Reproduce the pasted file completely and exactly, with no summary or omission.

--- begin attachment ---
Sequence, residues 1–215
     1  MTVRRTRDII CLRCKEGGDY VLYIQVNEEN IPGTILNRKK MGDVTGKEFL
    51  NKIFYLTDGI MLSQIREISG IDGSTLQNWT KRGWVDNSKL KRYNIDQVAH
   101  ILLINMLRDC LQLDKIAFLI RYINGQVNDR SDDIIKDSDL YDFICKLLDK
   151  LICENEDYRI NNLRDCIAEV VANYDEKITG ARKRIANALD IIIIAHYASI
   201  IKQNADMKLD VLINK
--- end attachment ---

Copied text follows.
Sequence, residues 1–215
     1  MTVRRTRDII CLRCKEGGDY VLYIQVNEEN IPGTILNRKK MGDVTGKEFL
    51  NKIFYLTDGI MLSQIREISG IDGSTLQNWT KRGWVDNSKL KRYNIDQVAH
   101  ILLINMLRDC LQLDKIAFLI RYINGQVNDR SDDIIKDSDL YDFICKLLDK
   151  LICENEDYRI NNLRDCIAEV VANYDEKITG ARKRIANALD IIIIAHYASI
   201  IKQNADMKLD VLINK